Royal and noble styles

Styles represent the fashion by which monarchs and noblemen are properly addressed. Throughout history, many different styles were used, with little standardization. This page will detail the various styles used by royalty and nobility in Europe, in the final form arrived at in the nineteenth century.

Imperial, royal, and princely styles

Only those classified within the social class of royalty and upper nobility have a style of "Highness" attached before their titles. Reigning bearers of forms of Highness included grand princes, grand dukes, reigning princes, reigning dukes and princely counts, their families and the agnatic descendants of emperors and kings. Royalty (usually emperors to princely counts) are all considered sovereign princes (German: Fürsten).

In addition to their national royal styles, many monarchs had 'treaty styles' to distinguish one monarch from another in international settings. For example, the sovereign of the United Kingdom was customarily referred to as "Britannic Majesty", of France as "Christian Majesty", of Spain as "Catholic Majesty", of Hungary as "Apostolic Majesty", of the Holy Roman Empire of the German Nation as "August Majesty", etc. Monarchs also typically had a longer style than other princely members within the same royal house. For example, the monarch of the United Kingdom has a much longer style than that of other members of the British royal family. The full style of Elizabeth II in the United Kingdom is, "Elizabeth the Second, by the Grace of God, of the United Kingdom of Great Britain and Northern Ireland and of Her other Realms and Territories Queen, Head of the Commonwealth, Defender of the Faith".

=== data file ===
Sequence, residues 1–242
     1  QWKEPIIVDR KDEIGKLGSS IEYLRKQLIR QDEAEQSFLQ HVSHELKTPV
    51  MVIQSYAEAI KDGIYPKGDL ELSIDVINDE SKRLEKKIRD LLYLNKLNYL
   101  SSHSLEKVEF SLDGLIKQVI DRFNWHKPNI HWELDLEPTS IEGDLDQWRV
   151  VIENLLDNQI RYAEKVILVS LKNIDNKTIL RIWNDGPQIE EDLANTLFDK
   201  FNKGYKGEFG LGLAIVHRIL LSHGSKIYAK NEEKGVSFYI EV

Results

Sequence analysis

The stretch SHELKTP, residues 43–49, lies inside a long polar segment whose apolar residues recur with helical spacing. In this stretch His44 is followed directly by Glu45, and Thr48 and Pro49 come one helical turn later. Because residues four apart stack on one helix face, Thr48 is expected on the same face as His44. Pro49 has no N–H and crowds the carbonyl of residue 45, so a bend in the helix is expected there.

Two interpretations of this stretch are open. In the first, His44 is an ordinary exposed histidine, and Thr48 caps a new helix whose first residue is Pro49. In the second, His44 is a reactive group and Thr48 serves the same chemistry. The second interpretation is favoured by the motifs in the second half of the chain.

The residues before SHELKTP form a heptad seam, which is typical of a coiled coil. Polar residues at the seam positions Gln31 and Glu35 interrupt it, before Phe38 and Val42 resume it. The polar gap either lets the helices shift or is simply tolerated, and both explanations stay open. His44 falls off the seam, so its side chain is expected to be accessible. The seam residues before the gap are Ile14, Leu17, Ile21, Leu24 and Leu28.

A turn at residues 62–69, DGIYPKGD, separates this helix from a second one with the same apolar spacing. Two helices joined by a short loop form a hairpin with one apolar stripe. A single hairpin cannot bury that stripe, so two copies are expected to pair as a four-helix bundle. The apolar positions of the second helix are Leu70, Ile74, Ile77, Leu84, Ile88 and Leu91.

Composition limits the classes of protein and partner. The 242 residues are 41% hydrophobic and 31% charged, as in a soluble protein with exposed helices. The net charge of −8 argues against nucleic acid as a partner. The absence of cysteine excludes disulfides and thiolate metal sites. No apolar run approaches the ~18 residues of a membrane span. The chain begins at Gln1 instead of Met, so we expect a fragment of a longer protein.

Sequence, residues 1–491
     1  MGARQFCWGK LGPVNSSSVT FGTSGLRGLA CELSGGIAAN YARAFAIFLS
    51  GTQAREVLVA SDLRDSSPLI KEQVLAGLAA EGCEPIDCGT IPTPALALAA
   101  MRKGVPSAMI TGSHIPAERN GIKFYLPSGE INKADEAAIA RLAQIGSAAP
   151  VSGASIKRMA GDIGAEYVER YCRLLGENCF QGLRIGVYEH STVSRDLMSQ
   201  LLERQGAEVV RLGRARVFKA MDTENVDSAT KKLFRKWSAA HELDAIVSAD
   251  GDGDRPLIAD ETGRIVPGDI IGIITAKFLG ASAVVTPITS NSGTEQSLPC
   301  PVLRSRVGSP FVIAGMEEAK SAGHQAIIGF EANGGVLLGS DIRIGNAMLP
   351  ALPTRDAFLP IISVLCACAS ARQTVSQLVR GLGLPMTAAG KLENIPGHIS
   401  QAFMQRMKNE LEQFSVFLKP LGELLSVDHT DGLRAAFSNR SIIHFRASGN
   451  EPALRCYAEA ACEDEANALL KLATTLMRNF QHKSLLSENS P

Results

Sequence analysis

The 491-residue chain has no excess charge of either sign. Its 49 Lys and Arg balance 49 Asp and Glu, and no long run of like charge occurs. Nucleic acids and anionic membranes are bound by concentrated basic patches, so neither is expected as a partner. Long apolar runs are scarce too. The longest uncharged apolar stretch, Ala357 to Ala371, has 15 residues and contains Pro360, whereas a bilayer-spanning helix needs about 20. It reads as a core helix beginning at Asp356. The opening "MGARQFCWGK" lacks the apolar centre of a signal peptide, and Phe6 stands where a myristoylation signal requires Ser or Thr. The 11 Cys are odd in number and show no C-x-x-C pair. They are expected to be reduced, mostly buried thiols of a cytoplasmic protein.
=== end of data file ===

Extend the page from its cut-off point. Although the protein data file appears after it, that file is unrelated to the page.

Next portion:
Noble styles in France

Noble styles in the United Kingdom

Noble styles in Germany

Mediatized nobility

Non-mediatized nobility

See also



General sources

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